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It’s a couple weeks until summer, I can begin to feel it in the air whenever my students enter the room.  There’s a tenseness about.  Four weeks to clear absences  before they turn into truancies, four weeks left to lift grades before they enter that terribly concrete transcript.

For me, it means it’s time to plan a summer reading group.  This has become one of my favorite things about summer.  This year, we’re going to tackle some recent prize winners.  It seems good to know what’s being written now, what our generation is producing.  I’m curious to consider some of the particular follies and wisdom(s?) of our decade.

Interpreter of Maladies – Jhumpa Lahiri (Pulitzer, Hemingway/PEN: 2000)
The Sea – John Banville (Man Booker: 2005)
The Brief Wondrous Life of Oscar Wao – Junot Diaz (Pulitzer: 2007)
Shadow of Sirius – W.S. Merwin (Pulitzer: 2009)
Wolf Hall – Hilary Mantel – Man Booker (2009) — if CH and I can persuade anyone else to read the 560 pages …
Tinkers – Paul Harding (Pulitzer: 2010)
A Visit from the Goon Squad – Jennifer Egan (Pulitzer 2011)

If you’re in the LA/La Mirada area and are interested in joining us for a session or two, let me know.

R. Card Hyatt

“The aesthetic impulse like the thirst for truth might well be called a disease.  It seldom, if ever, appears in a perfectly healthy man.”  (H.L. Mencken)

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I’m lesson planning this morning, researching and typing out detailed notes for the introduction to Shakespeare workshops I’ll be teaching next week.  Sitting at LA Mill Coffee, a couple miles from our apartment, I’m reminded that there are a whole set of people in the world who spend their mornings at coffee shops–in the middle of the week.  I’m not one of these people, and I feel a little out of place– except during spring break.  Then I can turn into an artsy, tea drinking, pastry consuming, note scribbling LA coffee house-ster.

Besides trying to sneak in some fun reading this week, I’ve been tackling all the “forbidden love” novels that my students will be reading in their literature circles while we study Romeo and Juliet in class.  With the exception of the last three on the list, the novels are terrible.  I only have to slog through The Notebook before I can finally graduate to the three books I’m excited to (re)read.  I hope my students appreciate my sacrifice.

Hard Love
Like Water for Chocolate
The Reader
Romiette and Julio
Twilight
The Notebook
Their Eyes Were Watching God
All the Pretty Horses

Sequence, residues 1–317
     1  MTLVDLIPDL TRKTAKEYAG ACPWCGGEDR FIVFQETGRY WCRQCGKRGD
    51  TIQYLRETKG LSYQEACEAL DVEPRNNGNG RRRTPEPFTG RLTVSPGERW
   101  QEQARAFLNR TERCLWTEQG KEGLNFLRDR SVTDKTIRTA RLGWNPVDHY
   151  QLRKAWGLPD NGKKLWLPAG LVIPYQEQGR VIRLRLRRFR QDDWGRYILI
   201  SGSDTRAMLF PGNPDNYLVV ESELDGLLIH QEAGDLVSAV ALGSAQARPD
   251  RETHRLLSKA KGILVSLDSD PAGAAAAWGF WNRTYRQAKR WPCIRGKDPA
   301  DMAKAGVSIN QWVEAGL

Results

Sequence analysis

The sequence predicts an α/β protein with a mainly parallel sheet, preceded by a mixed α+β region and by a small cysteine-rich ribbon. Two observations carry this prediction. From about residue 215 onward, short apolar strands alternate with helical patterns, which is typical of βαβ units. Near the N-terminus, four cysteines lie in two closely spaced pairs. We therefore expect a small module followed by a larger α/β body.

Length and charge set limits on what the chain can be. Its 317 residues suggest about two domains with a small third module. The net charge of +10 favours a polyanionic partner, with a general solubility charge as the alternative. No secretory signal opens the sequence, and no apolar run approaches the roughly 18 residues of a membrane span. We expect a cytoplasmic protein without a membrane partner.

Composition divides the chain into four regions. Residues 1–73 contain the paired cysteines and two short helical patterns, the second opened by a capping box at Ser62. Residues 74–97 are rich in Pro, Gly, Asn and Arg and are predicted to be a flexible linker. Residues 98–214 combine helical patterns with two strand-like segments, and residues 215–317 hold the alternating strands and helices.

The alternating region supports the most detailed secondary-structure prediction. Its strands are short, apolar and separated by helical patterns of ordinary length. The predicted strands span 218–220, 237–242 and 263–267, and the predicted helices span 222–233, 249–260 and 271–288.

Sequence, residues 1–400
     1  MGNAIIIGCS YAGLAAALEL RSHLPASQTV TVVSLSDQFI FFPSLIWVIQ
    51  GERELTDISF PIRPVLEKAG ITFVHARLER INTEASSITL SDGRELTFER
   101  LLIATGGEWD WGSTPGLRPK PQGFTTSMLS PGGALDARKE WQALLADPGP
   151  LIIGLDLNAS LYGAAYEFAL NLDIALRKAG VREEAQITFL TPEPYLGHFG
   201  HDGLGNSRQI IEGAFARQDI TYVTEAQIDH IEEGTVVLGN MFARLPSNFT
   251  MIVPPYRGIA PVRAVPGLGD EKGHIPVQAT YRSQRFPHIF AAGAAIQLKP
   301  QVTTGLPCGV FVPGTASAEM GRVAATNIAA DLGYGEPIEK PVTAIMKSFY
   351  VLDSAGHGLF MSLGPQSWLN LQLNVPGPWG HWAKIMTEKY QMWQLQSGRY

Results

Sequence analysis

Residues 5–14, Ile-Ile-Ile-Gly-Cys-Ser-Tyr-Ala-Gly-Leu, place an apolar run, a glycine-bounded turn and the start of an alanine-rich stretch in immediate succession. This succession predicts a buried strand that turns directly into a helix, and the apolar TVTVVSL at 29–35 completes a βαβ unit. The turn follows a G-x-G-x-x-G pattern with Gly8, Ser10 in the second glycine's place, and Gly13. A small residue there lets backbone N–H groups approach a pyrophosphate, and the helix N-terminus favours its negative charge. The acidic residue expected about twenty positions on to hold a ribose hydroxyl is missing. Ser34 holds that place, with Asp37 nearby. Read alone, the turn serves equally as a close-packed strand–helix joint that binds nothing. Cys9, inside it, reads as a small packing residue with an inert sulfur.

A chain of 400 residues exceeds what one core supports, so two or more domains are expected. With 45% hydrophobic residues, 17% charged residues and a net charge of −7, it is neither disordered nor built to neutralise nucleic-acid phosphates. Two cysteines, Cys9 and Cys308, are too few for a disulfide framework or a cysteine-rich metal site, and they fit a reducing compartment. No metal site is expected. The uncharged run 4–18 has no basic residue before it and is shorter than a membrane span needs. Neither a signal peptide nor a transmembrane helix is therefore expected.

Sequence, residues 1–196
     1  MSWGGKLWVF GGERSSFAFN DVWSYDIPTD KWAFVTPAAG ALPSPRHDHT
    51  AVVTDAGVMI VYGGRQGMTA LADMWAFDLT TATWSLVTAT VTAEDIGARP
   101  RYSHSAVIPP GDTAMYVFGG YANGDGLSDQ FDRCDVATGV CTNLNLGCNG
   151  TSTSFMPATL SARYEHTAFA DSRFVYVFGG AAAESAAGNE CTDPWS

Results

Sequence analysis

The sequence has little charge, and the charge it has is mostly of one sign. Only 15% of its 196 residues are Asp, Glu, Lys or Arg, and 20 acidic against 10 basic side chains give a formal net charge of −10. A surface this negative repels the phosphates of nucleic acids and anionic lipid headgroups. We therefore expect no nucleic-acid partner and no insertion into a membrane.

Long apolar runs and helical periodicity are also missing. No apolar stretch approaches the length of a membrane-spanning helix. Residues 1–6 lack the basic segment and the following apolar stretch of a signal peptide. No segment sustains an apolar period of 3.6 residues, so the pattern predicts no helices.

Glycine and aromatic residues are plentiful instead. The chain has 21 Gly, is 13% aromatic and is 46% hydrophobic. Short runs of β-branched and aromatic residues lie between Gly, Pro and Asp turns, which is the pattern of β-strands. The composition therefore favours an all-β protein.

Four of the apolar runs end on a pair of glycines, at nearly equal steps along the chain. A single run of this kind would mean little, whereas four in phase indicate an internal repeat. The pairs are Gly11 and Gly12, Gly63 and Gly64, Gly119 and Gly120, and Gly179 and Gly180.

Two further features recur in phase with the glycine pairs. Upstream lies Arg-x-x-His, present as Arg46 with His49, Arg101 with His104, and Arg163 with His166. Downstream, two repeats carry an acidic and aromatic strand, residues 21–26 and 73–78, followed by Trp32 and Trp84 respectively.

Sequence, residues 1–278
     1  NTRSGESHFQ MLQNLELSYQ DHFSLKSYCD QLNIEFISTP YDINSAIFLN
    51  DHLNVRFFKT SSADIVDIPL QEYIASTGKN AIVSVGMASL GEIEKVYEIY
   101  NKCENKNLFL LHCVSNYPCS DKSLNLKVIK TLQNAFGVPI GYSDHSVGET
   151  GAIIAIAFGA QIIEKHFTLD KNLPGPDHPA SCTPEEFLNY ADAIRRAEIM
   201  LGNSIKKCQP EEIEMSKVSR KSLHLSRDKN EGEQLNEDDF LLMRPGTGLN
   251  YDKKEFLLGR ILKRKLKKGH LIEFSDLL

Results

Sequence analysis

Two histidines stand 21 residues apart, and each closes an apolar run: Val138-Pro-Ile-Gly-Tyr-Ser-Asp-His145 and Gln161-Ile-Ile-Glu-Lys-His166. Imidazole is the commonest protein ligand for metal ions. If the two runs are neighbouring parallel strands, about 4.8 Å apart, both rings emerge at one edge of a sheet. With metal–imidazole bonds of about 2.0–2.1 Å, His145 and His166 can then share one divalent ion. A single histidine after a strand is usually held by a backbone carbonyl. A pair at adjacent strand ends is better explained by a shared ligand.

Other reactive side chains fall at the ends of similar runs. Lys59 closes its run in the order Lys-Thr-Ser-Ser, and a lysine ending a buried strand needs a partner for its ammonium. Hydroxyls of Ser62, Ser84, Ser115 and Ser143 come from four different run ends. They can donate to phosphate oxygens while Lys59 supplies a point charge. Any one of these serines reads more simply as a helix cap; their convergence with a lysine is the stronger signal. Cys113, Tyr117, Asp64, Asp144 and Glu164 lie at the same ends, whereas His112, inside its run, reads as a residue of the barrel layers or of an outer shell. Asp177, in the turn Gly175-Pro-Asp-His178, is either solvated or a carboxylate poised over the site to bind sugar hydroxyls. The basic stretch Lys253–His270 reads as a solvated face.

1984


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Life Knowledge

Ms. C——‘s Advisory class:

A senior explains that his best friend was arrested last Friday (after being on the run with several felony counts).  He explains that he’s going to be in court tomorrow as well.

Freshman:  What’s a felony?

Long pause

Senior: Well, there’s misdemeanors– that’s like getting a traffic ticket.  Then there’s like stealing big sh** (oh, sorry miss), murder, and rape, and stuff.  Those are felonies.  You know, when you’re in big trouble.

Freshman: Oh.

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It’s a cold, windy day in Los Angeles.  Only the clear skies and an uncommon freshness in the air remind me that it is spring.  At week two of student teaching, CH and I are already slipping easily into the new pattern of our lives …

I came into my 9th grade Linguistic Studies course (a duel credit English and Spanish class) at the last two weeks of a quarter–amidst the final preparations for presenting their projects.  This quarter long project has involved the reading and analysis of poetry (in English and Spanish), writing and translating poems, and preparing presentations (some in English, some in Spanish).  I spent the last two days “judging” 90+ poems.  The top 6 poems in each language will move on to finals–a poetry slam on April 15, a large event open to the public, where they will be judged by a LA poetry slam team.  Seven and a half hours of 14 and 15 year olds reading their poems aloud.  Painful?  Certainly.  Insightful?  Often.

The students had been encouraged to write about something personally meaningful–something which had deeply shaped them.  They were encouraged to take a risk–to invite their community into the dark places of their lives.  The freshman do this project every year at LASGS (culminating in a published book), so these students had read the poems of older students.  They’d seen the pain and joy revealed by their upperclassmen.